So what needs to be done about this problem? We need to look for alternative solutions, as we can see that simply laying out what can not be done does not solve the problem. Technological advancement is also a fact, it can not be stopped, and should not be either. But the producers of these products should be made responsible for the safe disposal of their products. Their responsibility to their products should extend through to the end of the products life cycle. Another approach would be to make manufacturers use less toxicants in their electronics, as all forms of recycling them simply involve moving them from one form to another. Technological advancement should be carried out in a responsible and sustainable manner. The level of technological advancement present in the world today is a testament to the human intellect and its ability to conceive and create, but this ability should extend to take account of the affects of these advances too.
The Box Move blog is no longer active since the founding team has graduated. The archives will remain online.
The SPROJ Forum for the SSE 2012 batch. Discuss potential Senior Projects here.
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ON THE FRINGE:
The story of a how a YouTube video of a blind man biking down a mountain inspired good non-fiction writing on echolocation. You may find it useful for your own writing. Read here.
An awful waste of space?
Amidst NASA's budgetary cuts and scientists' renewed vigor in justifying Space Programs, it is important to shed some light on the background. Click here for a succinct overview of the Search for Extra-Terrestrial Intelligence(SETI) project.
Manto ka Muqaddama
Pakistaniat.com publishes, on the anniversary of Saadat Hasan Manto's death, a sampling of his works, a tribute to him as well as articles chronicling the obscenity trial he was tried for. Read all three parts of the series here.
Not Another 2010 List
The folks over at The Last Word put up their list for the best non-fiction in the past year, including 'The Mind's Eye' which is very hard to find in bookstores, indeed! Read the full list here.
Leslie Kaufman at The New York Times tells us exactly why those birds flying above are dropping to their deaths. Click here to read the article.
Spontaneous Solar Growth!
Reported at MadScience, scientists at MIT have found a way to create solar cells that can regenerate themselves like living organisms. Read more here.
Lessons from Chernobyl
Decades after the radiation disaster at Chernobyl, scientists elucidate how plant life has been thriving in the highly radioactive environment. Read more here.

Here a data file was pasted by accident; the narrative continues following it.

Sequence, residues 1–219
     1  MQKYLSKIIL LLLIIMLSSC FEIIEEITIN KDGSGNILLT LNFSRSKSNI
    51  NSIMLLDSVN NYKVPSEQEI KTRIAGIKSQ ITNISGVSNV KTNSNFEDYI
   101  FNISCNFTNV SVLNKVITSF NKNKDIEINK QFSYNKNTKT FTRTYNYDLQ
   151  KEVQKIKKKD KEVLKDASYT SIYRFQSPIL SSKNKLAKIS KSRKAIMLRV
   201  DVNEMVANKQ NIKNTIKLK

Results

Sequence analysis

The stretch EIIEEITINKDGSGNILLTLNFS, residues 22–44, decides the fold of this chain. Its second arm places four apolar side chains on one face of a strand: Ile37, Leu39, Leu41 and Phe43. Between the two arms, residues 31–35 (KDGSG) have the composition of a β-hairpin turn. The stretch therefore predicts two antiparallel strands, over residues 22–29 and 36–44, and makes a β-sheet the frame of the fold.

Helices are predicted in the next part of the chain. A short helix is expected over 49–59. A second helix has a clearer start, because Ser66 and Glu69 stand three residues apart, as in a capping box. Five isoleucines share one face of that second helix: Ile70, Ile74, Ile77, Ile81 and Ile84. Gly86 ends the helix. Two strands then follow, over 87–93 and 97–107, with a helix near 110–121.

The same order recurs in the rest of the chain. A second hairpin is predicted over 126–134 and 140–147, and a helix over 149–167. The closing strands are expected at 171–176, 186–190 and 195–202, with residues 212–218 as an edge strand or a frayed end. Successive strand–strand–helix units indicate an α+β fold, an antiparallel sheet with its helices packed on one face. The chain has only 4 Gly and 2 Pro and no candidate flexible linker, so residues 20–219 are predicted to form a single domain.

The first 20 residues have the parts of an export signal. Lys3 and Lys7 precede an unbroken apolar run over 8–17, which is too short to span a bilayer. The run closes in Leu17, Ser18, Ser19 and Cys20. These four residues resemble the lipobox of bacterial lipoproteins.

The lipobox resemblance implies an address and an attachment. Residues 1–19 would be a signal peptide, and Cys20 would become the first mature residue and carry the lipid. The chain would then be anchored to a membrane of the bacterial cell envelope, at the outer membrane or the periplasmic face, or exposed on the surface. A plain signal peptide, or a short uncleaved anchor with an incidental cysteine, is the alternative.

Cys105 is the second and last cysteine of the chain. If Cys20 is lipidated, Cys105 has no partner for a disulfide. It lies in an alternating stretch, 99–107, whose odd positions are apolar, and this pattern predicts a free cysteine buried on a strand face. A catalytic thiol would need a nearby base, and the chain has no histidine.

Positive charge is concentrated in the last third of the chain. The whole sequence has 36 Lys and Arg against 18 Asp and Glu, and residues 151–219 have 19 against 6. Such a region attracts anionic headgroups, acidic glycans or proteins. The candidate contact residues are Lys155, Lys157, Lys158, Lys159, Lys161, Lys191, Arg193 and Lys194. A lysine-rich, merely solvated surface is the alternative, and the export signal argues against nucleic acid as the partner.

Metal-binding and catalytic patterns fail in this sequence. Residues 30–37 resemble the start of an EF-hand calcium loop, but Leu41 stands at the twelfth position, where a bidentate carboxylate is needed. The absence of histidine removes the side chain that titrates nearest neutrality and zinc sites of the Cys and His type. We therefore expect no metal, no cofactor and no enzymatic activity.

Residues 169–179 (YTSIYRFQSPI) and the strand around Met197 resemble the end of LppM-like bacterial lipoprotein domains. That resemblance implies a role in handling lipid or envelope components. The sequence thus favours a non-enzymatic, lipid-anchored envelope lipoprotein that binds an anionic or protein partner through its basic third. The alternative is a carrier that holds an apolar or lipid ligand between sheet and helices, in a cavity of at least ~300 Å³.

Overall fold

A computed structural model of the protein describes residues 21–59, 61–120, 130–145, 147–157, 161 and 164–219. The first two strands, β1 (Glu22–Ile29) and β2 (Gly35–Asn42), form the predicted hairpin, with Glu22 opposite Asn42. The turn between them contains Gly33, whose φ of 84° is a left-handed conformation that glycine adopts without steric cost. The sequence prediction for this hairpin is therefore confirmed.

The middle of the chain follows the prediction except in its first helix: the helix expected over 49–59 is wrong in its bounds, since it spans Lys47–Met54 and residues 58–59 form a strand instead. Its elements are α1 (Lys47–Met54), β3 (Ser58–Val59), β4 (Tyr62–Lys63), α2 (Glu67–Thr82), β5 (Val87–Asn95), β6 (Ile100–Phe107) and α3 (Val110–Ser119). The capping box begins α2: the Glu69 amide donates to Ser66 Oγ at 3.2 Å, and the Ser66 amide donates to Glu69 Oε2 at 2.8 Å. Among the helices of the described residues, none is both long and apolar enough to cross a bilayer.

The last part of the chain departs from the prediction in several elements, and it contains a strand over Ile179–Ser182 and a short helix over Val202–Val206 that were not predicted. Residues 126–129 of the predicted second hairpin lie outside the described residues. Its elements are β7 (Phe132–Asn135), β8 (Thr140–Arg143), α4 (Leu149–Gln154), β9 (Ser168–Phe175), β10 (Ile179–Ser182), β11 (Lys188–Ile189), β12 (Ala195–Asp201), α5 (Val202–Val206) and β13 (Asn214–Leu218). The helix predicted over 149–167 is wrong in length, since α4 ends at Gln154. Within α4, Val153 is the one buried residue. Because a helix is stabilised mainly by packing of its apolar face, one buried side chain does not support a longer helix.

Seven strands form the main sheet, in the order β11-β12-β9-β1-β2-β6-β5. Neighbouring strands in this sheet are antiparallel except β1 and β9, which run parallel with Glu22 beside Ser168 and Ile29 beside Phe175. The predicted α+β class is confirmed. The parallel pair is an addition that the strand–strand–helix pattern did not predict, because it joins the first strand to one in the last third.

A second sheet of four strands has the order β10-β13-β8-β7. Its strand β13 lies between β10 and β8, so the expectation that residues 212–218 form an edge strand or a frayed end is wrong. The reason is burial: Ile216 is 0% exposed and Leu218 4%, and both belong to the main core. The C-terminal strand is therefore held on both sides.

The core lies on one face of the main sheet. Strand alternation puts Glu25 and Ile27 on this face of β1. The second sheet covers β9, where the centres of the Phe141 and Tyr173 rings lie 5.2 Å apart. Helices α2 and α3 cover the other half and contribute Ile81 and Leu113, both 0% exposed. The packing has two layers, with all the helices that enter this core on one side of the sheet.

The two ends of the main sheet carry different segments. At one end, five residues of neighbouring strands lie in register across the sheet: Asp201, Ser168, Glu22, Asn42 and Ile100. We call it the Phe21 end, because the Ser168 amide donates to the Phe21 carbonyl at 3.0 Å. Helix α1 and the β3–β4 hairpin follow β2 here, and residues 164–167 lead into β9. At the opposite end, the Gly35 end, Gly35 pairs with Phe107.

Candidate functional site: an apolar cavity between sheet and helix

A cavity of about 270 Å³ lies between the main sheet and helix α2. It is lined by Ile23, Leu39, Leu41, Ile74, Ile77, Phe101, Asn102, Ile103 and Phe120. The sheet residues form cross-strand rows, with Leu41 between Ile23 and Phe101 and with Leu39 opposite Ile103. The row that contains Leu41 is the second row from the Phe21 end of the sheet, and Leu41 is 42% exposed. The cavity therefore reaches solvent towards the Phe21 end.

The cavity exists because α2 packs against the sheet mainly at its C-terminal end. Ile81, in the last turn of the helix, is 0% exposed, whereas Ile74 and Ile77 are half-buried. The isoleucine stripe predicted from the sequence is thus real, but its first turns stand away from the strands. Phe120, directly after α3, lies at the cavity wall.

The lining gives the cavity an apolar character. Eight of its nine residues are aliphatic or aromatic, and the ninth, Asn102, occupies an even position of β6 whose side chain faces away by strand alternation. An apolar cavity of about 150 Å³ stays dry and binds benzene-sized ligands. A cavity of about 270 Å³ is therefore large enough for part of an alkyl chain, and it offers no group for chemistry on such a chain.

MIT Scientists revisit Galileo's famous inclined plane experiment, this time with polymer ribbons and discover complex results. Read here.
A Lifetime, Washed Away
Pakistani author Daniyal Mueenuddin writes in the NY Times about the aftermath of the flood and displaced people. Read more here of the article posted by 3QD.
On String theory and Materials Science
Click here to find out how physicists at MIT are using ideas of gauge/gravity duality to explain properties of superconductors.
That's why you're irrational!
Newsweek's Sharon Begley provides a fascinating argument for why evolution may favor irrationality. I particularly liked the examples she picked. Read here.
Just when you wanted a gene kit
The US Food and Drug Administration held hearings n the 19th and 20th of July to talk about the validity of tests which were sold directly to the public which gives consumers direct access to to their genomes. Should it be regulated? Read more here.
On Trees and Prisons
In a 6 minute talk on Ted.com, Nalini Nadkarni (shown above) talks about her ideas of incorporating conservation into prison programs. Watch the talk and read Nadkarni's fascinating biography here.
These Lungs are made in USA
Stem Cell Biology takes huge leaps forward with the new advances made in lung transplants based on using the lungs extracellular architecture. Read more from Nature here.
Economist Special Reports
Ten years after Craig Venter revealed the first working draft of the entire Human Genome, this special report demonstrates how Biology is now at the brink of something brilliant - just recently, the draft of the entire genome of the Neanderthal was revealed. Suck on that, sceptics!
Bobby Satcher, astronaut, the first orthopedic surgeon in space. Read all about his tales here on MITnews.
Craig Venter Creations
Researchers create world's first fully synthetic self replicating, living cell. Massive fuss about limitless monster potential possible. Read the NewScientist article here. Watch the Ted.com talk by Craig Venter here.